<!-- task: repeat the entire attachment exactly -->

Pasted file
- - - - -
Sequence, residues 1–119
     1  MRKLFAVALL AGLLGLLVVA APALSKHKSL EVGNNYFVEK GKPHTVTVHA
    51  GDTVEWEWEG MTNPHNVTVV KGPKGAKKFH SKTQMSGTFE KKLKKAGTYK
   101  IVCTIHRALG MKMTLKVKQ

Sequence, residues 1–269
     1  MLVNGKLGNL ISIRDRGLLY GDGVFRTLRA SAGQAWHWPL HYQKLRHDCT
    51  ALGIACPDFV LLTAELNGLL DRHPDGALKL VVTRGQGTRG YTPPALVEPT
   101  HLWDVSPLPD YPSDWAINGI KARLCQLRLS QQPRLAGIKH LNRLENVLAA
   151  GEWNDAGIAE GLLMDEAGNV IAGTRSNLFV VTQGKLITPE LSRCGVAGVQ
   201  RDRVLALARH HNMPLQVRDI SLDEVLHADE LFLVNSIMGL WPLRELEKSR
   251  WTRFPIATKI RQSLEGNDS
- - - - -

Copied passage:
Sequence, residues 1–119
     1  MRKLFAVALL AGLLGLLVVA APALSKHKSL EVGNNYFVEK GKPHTVTVHA
    51  GDTVEWEWEG MTNPHNVTVV KGPKGAKKFH SKTQMSGTFE KKLKKAGTYK
   101  IVCTIHRALG MKMTLKVKQ

Sequence, residues 1–269
     1  MLVNGKLGNL ISIRDRGLLY GDGVFRTLRA SAGQAWHWPL HYQKLRHDCT
    51  ALGIACPDFV LLTAELNGLL DRHPDGALKL VVTRGQGTRG YTPPALVEPT
   101  HLWDVSPLPD YPSDWAINGI KARLCQLRLS QQPRLAGIKH LNRLENVLAA
   151  GEWNDAGIAE GLLMDEAGNV IAGTRSNLFV VTQGKLITPE LSRCGVAGVQ
   201  RDRVLALARH HNMPLQVRDI SLDEVLHADE LFLVNSIMGL WPLRELEKSR
   251  WTRFPIATKI RQSLEGNDS